NHS Digital Data Release Register - reformatted
Project 1 — DARS-NIC-12784-R8W7V
Opt outs honoured: No - consent provided by participants of research study, No - data flow is not identifiable (Reasonable Expectation, Consent (Reasonable Expectation))
Sensitive: Sensitive, and Non Sensitive
When: 2016/04 (or before) — 2020/01.
Repeats: Ongoing, One-Off
Legal basis: Informed Patient consent to permit the receipt, processing and release of data by the HSCIC, Health and Social Care Act 2012 – s261(2)(c)
Categories: Identifiable, Anonymised - ICO code compliant
- Hospital Episode Statistics Accident and Emergency
- Hospital Episode Statistics Admitted Patient Care
- Hospital Episode Statistics Outpatients
- Hospital Episode Statistics Critical Care
- MRIS - List Cleaning Report
- MRIS - Flagging Current Status Report
- MRIS - Cause of Death Report
- Mental Health and Learning Disabilities Data Set
- Mental Health Minimum Data Set
- Bridge file: Hospital Episode Statistics to Diagnostic Imaging Dataset
- Diagnostic Imaging Dataset
- Bridge file: Hospital Episode Statistics to Mental Health Minimum Data Set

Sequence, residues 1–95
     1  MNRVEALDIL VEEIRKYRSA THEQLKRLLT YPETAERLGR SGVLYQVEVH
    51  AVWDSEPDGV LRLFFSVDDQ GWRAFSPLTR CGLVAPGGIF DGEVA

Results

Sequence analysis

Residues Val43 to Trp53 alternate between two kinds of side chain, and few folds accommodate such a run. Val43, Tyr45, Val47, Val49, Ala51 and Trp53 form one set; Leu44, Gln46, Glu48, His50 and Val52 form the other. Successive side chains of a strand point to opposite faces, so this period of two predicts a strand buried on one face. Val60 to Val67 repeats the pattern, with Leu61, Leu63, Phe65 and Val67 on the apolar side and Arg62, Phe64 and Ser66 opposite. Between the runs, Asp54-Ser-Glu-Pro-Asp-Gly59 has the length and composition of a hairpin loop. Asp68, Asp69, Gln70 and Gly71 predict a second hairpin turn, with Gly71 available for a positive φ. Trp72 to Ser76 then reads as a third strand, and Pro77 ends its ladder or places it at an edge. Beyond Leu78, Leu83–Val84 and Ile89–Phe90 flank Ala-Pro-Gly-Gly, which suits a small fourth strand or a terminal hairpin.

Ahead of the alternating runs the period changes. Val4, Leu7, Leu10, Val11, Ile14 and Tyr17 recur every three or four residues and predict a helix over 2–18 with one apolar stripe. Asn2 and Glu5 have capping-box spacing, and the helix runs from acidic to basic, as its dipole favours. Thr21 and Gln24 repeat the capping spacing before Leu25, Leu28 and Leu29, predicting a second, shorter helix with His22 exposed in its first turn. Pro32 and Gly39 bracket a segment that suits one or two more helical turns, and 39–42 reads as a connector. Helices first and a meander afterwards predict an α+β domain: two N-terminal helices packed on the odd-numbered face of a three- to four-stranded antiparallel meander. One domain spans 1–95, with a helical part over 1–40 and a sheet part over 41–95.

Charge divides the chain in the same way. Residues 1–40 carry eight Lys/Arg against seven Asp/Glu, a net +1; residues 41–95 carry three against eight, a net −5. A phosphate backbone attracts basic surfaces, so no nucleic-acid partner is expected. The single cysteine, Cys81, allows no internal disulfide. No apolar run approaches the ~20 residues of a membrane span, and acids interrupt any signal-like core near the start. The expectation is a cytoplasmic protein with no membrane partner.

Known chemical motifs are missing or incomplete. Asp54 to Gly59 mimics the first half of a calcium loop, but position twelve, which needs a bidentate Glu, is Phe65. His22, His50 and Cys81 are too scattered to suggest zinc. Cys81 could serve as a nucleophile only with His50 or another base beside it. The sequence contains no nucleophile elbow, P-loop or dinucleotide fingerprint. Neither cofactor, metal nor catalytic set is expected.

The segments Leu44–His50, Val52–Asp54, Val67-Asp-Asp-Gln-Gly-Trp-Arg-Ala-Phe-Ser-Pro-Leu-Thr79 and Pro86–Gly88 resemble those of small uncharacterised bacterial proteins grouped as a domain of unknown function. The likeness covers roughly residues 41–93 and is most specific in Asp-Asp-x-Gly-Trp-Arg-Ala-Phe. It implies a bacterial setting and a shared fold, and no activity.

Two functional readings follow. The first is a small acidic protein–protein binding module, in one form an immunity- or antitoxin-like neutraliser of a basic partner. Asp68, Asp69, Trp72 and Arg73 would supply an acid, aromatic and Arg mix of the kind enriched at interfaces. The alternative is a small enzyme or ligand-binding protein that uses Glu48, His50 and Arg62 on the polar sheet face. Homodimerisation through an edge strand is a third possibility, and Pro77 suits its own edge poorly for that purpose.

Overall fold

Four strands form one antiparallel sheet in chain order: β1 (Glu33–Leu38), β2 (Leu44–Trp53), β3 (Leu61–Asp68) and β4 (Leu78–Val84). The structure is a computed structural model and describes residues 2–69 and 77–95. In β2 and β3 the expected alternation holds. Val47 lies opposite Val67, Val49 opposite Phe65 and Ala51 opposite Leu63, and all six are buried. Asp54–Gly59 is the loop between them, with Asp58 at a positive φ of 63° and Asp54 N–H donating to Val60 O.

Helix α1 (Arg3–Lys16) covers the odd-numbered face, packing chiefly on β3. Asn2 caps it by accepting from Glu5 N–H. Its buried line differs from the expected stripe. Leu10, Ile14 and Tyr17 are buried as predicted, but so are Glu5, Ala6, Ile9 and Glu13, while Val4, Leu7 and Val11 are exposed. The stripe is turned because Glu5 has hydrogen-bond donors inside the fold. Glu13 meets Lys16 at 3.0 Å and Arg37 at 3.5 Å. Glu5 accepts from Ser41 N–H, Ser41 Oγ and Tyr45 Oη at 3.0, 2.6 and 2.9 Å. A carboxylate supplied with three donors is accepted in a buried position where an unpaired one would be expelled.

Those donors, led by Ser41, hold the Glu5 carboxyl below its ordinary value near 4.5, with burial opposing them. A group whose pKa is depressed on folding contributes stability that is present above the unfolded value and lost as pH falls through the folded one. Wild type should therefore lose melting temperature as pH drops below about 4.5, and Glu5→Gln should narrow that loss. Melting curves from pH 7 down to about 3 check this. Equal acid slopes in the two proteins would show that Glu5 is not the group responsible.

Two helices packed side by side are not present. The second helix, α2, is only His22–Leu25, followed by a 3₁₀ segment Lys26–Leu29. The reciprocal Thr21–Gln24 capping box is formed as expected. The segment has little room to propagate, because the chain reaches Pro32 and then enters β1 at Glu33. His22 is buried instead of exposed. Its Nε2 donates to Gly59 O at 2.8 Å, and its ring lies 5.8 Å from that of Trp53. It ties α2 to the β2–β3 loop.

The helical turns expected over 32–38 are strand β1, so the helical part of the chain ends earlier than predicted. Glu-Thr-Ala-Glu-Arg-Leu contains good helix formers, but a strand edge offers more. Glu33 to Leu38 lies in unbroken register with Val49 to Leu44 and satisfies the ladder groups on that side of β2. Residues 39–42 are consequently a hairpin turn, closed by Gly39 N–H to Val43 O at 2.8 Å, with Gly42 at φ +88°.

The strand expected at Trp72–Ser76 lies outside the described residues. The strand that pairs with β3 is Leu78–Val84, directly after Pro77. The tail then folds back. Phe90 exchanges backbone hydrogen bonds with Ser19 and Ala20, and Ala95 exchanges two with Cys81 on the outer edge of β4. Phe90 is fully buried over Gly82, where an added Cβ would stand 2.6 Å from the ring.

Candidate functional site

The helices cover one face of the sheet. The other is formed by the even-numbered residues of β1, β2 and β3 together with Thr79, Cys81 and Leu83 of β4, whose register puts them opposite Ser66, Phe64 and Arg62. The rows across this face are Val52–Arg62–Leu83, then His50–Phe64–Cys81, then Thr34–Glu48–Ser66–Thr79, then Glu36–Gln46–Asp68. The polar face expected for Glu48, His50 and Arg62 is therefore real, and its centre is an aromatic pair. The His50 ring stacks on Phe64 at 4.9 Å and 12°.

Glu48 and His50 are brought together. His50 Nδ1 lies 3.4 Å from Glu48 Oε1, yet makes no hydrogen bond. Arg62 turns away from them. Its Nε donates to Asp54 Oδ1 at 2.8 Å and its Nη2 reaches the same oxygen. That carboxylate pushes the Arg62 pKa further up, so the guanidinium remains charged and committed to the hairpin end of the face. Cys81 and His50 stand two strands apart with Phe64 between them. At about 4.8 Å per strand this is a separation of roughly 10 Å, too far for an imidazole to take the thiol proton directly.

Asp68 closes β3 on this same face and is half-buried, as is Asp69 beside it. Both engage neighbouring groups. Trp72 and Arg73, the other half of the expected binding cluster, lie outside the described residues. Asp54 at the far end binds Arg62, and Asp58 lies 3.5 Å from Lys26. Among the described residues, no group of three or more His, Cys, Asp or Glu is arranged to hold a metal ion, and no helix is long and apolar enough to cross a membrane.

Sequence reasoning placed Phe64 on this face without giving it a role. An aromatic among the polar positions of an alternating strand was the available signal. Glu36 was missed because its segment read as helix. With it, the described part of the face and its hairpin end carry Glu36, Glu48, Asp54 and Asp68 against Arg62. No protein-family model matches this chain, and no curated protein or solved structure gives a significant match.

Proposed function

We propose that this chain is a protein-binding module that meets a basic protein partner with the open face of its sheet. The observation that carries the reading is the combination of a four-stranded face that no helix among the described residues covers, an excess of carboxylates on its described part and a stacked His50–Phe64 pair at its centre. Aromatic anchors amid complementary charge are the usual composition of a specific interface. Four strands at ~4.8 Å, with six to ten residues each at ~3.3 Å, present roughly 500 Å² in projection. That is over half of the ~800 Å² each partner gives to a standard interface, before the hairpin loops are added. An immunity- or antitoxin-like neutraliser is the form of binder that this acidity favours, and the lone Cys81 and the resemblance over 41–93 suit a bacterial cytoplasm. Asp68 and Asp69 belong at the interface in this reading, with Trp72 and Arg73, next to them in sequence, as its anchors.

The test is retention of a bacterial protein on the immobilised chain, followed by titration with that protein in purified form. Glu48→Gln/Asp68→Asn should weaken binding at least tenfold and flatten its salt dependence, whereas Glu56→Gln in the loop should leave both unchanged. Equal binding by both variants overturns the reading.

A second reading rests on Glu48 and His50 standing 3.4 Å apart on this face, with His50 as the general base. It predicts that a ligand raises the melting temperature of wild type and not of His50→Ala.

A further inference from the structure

- Patient Reported Outcome Measures (Linkable to HES)
- MRIS - Cohort Event Notification Report
- MRIS - Members and Postings Report
- Mental Health Services Data Set
The aim is to create a new genomic medicine service for the NHS – transforming the way people are cared for. Patients may be offered a diagnosis where there wasn’t one before. In time, there is the potential of new and more effective treatments. The project will also enable new medical research. Combining genomic sequence data with medical records is a ground-breaking resource. Researchers will study how best to use genomics in healthcare and how best to interpret the data to help patients. The causes, diagnosis and treatment of disease will also be investigated. We also aim to kick-start a UK genomics industry. This is currently the largest national sequencing project of its kind in the world. Genomics England seeking to obtain information from participants’ medical records that span their entire lifetime. The DNA sequence, and information from patients’ health records and any other information given to the Project will be collected and stored securely by the Project as a resource for use by approved researchers for future scientific and medical purposes during the life and after the death of participants. Diagnoses arising from the sequencing and analysis of the participants’ DNA are already being fed back to Participants now and for many they are receiving a diagnosis for the first time. Genomic England’s legacy will be a genomics service ready for adoption by the NHS, high ethical standards and public support for genomics, new medicines, treatments and diagnostics and a country which hosts the world’s leading genomic companies. It is a bold ambition with benefits for all.